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'At any interface point in the game, there is always going to be friction'

The IRFU’s David Nucifora on the club game, financial problems, and Irish rugby’s reliance on the schools system.

Ireland finished the Six Nations on a high this year but have been missing IRFU targets.
Ireland finished the Six Nations on a high this year but have been missing IRFU targets.

IF YOU JUDGE the IRFU’s current performance against their own strategic plan, then you wouldn’t be giving them a particularly high mark.

That plan – released in 2018 as Joe Schmidt and co. beat all around them – requires Andy Farrell’s Ireland to win the next two Six Nations titles in order to achieve one particular objective – win two or more championships from 2019 to 2023. 

The objective of reaching the World Cup semi-finals in 2019 wasn’t achieved and it remains to be seen if they can overcome a tough draw to do it in 2023, while Ireland currently sit outside the top three of the World Rugby rankings – therefore missing out on another goal.

Although Leinster have been dominating the Pro14, the Irish provinces would need to lift the next two Champions Cup trophies to hit another objective in the IRFU’s plan.

On the women’s rugby front, it’s difficult to see Ireland winning a Six Nations title by 2023 as the gap to England and France appears to grow.

The women’s sevens team missed out on a goal of reaching the Tokyo Olympics, while the men’s sevens side have a difficult task in Monaco this month at the final qualifying competition if they are to hit that target. 

So if you’re the kind of person that judges an organisation against the stated targets in its strategic plan, the IRFU is currently underperforming. Critics of the union’s performance director, David Nucifora, have plenty of ammunition.

The man himself doesn’t appear too worried about what was written in that document, as he expressed during his annual state-of-the-nation briefing yesterday.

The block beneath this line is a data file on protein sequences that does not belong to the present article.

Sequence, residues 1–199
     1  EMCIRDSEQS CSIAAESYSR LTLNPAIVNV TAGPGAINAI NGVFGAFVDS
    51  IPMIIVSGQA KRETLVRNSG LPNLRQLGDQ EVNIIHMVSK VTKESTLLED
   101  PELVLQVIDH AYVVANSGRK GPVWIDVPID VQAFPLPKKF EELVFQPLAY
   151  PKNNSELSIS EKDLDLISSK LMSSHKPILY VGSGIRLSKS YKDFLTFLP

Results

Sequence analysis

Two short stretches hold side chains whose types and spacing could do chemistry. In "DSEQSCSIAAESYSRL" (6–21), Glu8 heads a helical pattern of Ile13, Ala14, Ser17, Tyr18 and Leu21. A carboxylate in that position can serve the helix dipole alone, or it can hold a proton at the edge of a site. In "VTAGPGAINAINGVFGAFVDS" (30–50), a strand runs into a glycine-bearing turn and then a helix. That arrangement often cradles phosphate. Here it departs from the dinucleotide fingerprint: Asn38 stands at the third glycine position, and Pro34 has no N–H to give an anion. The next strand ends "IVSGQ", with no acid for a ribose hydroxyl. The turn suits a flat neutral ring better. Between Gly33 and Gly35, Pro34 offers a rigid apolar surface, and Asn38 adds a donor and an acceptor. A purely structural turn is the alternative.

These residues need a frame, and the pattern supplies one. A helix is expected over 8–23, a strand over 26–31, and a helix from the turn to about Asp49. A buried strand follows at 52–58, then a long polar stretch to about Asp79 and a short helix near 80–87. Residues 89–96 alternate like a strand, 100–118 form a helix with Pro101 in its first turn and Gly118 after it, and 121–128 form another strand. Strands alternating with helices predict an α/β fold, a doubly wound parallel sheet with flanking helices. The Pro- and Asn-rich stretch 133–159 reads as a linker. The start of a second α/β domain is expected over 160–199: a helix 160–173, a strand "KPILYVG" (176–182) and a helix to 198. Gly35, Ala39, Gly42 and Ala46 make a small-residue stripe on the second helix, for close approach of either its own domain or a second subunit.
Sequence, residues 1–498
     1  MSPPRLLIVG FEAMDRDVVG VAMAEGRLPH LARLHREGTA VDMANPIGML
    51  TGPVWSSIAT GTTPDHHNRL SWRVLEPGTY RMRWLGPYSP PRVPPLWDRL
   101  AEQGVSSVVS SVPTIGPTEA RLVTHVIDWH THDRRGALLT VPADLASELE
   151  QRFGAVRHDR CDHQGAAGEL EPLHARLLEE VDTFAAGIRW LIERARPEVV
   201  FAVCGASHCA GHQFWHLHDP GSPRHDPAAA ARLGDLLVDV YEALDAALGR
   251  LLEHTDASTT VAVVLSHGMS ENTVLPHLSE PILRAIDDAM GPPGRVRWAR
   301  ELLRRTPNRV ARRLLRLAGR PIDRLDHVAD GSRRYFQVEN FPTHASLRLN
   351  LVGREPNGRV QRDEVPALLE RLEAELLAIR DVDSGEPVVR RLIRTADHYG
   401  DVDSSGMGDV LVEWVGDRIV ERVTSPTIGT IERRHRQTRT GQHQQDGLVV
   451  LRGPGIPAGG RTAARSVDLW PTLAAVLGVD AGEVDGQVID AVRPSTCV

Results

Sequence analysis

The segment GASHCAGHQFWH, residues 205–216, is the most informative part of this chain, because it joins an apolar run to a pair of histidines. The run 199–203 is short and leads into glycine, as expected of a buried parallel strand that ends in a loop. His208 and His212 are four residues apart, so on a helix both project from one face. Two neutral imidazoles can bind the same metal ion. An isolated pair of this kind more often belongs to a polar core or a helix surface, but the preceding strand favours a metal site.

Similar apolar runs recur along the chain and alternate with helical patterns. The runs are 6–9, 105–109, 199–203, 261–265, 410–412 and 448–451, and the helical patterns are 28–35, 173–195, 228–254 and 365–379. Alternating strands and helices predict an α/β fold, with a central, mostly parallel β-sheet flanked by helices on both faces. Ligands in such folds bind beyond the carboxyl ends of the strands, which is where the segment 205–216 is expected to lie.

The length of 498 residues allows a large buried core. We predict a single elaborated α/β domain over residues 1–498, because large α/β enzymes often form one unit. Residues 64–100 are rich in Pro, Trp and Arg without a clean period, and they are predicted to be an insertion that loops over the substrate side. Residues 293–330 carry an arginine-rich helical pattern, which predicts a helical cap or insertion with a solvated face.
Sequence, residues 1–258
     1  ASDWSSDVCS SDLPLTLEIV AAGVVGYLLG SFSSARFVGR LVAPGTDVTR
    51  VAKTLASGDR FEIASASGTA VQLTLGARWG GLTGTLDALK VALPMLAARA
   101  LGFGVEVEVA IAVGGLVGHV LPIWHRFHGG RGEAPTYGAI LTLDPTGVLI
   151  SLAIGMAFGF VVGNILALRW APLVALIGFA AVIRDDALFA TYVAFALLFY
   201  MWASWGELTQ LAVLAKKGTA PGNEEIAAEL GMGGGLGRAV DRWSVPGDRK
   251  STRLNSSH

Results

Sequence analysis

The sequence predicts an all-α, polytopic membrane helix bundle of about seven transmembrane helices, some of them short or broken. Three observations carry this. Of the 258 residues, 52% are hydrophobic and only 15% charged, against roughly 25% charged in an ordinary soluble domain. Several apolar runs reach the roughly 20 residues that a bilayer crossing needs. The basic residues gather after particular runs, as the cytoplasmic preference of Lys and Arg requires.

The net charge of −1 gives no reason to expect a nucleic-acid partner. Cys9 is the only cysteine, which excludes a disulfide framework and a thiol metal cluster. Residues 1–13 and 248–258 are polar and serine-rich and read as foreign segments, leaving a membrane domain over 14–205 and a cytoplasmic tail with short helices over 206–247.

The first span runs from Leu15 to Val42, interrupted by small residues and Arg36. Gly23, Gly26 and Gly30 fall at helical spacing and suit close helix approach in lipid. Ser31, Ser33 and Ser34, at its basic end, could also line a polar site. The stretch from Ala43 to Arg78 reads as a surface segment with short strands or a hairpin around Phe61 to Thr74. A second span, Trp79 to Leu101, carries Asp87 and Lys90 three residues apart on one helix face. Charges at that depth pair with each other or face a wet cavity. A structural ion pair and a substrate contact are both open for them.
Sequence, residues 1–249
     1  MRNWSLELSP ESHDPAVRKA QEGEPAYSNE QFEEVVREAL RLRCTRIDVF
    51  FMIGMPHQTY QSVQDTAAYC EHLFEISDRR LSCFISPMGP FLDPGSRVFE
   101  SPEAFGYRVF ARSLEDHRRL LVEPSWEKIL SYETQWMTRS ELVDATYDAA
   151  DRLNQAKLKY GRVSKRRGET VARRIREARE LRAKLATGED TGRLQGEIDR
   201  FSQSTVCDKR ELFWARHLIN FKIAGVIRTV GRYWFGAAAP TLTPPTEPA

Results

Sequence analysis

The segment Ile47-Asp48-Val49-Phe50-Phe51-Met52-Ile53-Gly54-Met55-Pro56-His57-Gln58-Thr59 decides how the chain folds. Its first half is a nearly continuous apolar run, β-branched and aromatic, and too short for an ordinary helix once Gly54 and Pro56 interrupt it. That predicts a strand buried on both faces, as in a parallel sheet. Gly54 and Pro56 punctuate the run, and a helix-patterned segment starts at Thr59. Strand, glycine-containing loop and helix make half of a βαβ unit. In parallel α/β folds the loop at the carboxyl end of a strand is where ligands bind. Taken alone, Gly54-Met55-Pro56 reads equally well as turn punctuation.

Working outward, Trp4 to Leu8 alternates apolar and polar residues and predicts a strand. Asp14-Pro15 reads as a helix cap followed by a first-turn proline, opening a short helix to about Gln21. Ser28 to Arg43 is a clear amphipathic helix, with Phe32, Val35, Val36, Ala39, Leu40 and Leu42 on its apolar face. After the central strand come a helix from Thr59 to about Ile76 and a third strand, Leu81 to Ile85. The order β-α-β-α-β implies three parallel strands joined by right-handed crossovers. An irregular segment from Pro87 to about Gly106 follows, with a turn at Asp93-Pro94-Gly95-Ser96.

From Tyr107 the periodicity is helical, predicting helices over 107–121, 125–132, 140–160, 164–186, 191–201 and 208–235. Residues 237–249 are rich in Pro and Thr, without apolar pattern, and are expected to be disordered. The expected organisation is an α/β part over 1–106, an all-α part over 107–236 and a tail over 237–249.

“Strategic plans are great but you’ve got to put something down on paper as to what you want to achieve and to strive towards it,” said the Australian.

“Sure, last time we put down – I see it noted often that we didn’t make a semi-final in the World Cup – fine. That’s really disappointing that we didn’t do it, didn’t achieve it and you accept that but you have to have something to aim for. When you’re an elite sporting team, you’re trying to win all the time.”

Nucifora’s view is that Irish rugby is in “reasonably healthy shape” and he believes the provinces and national teams can get back on an upswing in terms of results on the big occasions.

Of course, the past 16 months have thrown up unexpected issues that have been difficult for every union and the IRFU is no different. Nucifora says the pandemic cost Irish rugby €35 million last year and will mean another loss of €30million in 2021.

DN IRFU performance director David Nucifora.

That has resulted in redundancies for IRFU staff and a reduction in player wages, as well as 10% cuts to budgets in all areas of the game. 

“It will take years for us to claw back,” warned Nucifora, who hopes that the union has positioned itself well to recover as society opens back up. The IRFU are praying that they will be able to get big crowds into the Aviva Stadium this November, given their desperate need to start generating matchday revenue again.